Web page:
Transfer pricing documentation
The introduction of formal TP documentation regulations has long been expected for Hong Kong. Implementing TP documentation guidelines in line with BEPS Action 13 ensures consistency for many taxpayers with their international obligations.
The thresholds for preparing documentation have changed since the draft Bill, largely in response to concerns from taxpayers and lawmakers about creating excessive compliance obligations. This has been measured against Hong Kong's intention to maintain a credible and reasonable system that does not draw concerns from the international community on Hong Kong's commitment to the BEPS actions.
Taxpayers will be exempt from the TP documentation requirements (i.e. preparing Master File and Local File) if they meet the following conditions:
The contents of the Master and Local Files remain unchanged from the draft Bill, and are consistent with the BEPS Action 13. The deadline for preparing the Local File and Master File has been extended from 6 months to 9 months after the accounting year-end, and is aligned with the tax return filing deadline. Experience from the first year of documentation in other jurisdictions is that for the first couple of years this additional time will be essential, especially for companies that have never before prepared TP documentation.
Other matters of interest include:
- The Local and Master Files will only be submitted on request by the IRD. However, taxpayers are required to retain the documentation for 7 years. The IRD will conduct desk audits and reviews to ensure compliance.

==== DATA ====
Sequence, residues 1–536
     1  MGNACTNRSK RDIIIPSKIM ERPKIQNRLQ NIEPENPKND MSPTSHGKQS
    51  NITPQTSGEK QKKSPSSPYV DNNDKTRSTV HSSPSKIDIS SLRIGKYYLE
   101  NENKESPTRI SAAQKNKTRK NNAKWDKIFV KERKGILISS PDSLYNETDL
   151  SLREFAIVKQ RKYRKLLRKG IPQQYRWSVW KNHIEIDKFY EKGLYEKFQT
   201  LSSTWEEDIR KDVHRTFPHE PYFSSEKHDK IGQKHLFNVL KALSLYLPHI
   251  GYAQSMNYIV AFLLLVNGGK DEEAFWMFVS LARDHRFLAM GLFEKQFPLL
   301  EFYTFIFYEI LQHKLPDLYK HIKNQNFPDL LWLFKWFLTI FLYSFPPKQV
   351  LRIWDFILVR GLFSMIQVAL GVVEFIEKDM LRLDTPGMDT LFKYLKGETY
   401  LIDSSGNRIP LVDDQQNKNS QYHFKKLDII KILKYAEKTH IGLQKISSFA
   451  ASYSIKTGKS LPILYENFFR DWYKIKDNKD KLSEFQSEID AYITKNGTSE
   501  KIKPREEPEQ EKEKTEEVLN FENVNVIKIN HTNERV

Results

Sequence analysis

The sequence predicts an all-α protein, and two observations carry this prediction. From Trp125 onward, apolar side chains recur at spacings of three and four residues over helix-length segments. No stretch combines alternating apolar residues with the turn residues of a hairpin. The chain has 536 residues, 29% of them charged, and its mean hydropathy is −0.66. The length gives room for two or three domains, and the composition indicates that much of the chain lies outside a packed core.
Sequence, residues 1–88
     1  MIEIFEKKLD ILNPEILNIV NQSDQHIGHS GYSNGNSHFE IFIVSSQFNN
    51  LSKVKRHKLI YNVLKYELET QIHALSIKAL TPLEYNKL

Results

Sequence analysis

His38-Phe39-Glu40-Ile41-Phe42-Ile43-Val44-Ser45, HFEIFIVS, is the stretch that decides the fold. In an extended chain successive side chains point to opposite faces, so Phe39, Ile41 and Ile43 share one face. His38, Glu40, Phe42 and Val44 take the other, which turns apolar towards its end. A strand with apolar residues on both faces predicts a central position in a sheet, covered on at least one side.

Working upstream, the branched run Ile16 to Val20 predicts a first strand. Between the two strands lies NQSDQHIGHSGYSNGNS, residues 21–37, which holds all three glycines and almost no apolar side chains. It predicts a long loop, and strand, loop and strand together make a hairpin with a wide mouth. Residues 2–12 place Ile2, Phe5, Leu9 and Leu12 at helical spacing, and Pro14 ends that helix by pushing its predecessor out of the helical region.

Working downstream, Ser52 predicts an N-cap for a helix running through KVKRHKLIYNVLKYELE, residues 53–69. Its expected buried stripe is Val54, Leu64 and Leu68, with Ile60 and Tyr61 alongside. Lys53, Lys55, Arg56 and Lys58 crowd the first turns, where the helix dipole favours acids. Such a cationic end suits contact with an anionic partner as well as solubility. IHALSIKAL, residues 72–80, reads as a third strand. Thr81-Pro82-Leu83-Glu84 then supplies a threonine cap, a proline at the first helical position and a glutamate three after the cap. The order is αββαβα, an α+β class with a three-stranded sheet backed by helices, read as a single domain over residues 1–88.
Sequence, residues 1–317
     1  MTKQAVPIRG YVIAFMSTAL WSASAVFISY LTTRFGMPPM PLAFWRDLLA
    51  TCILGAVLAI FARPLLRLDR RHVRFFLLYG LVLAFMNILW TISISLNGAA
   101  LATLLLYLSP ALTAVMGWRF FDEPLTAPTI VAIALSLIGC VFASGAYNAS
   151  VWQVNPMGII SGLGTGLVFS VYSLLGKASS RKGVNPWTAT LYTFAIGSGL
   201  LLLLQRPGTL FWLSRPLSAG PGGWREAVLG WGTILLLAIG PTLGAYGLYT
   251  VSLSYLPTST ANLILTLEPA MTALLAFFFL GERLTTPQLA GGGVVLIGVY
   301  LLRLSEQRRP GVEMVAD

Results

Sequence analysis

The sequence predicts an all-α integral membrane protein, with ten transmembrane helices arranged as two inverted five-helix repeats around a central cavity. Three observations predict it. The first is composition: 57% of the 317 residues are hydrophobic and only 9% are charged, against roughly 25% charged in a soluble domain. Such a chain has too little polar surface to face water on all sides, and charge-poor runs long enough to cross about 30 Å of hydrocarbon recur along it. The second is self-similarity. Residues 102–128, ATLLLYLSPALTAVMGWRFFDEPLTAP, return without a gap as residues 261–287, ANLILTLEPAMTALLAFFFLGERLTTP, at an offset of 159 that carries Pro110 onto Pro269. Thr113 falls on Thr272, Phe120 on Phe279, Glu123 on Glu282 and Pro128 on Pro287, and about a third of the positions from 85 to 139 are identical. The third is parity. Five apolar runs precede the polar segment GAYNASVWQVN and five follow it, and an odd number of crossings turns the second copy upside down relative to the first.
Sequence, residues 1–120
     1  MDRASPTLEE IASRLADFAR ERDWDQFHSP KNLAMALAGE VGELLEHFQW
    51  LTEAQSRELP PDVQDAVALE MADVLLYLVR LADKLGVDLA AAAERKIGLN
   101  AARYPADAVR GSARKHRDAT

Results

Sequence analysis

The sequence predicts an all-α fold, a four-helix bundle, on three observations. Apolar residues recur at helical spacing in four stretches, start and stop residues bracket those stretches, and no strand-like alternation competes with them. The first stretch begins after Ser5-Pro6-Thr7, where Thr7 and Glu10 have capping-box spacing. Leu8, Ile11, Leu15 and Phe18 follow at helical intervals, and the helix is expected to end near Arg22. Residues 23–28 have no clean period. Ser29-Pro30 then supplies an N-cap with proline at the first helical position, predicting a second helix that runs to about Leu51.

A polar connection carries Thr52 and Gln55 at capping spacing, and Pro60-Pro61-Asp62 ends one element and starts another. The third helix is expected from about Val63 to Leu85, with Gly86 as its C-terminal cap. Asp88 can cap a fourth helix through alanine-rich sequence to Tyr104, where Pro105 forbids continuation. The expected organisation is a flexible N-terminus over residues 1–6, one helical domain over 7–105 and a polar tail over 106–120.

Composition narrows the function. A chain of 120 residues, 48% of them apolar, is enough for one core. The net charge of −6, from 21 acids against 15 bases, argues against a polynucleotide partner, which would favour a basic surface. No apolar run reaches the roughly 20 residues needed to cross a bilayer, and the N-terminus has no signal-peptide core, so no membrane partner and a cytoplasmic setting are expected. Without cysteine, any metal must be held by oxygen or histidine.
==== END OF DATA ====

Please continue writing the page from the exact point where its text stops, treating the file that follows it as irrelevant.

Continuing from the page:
- Penalties will apply to taxpayers that do not prepare the documentation on time, from HKD 50,000 to HKD100,000.
- The information gathered by the IRD may be provided to other tax authorities, although the IRD has emphasized that it will only exchange information that is foreseeably relevant to the other jurisdictions, and will not provide information as part of another authority's "fishing expedition".
Country by Country Reporting ("CbC Report")
Hong Kong resident ultimate parent companies of multinational enterprises with consolidated revenue over HKD 6.8 billion in the previous year, or Hong Kong entities that are nominated as surrogate filing entities, will be required to prepare and submit the CbC Report to the IRD. Penalties will apply for nonsubmission, including a HKD 50,000 – HKD 100,000 penalty, plus a daily fine of HKD 500.
The Amendment Bill has been amended through the Bills Committee Stage to exempt "specified" domestic related party transactions from the TP rules as well as TP documentation requirements. The changes are set out in Section 50AAJ, which outline that a transaction may not be considered to confer any potential Hong Kong tax advantage if it satisfies the following three conditions:
- The transaction meets the domestic nature test – being a transaction made or imposed in connection with the two parties' trade, profession or business carried on in Hong Kong, or that the transaction is connected with one of the parties' trade, profession or business, and that the other party is a Hong Kong tax resident; AND
- There is no actual tax difference as a result of the arrangement, meaning each person's income (loss) is chargeable (allowable) for Hong Kong tax purpose, and no tax concession or exemption applies to any income (loss); OR the non-business loan test where the lending of money otherwise than in the ordinary course of a money lender or intra-group financing business; AND
- The main purpose, or one of the main purposes, of the transaction is not to utilize any tax loss for tax avoidance purpose.
While the exemption is fairly broad, it is possible that certain domestic transactions may still fall within the TP regulations. Accordingly, Hong Kong taxpayers should study whether their related party arrangements do satisfy all the tests outlined above. Further guidance will be issued by the IRD under a DIPN.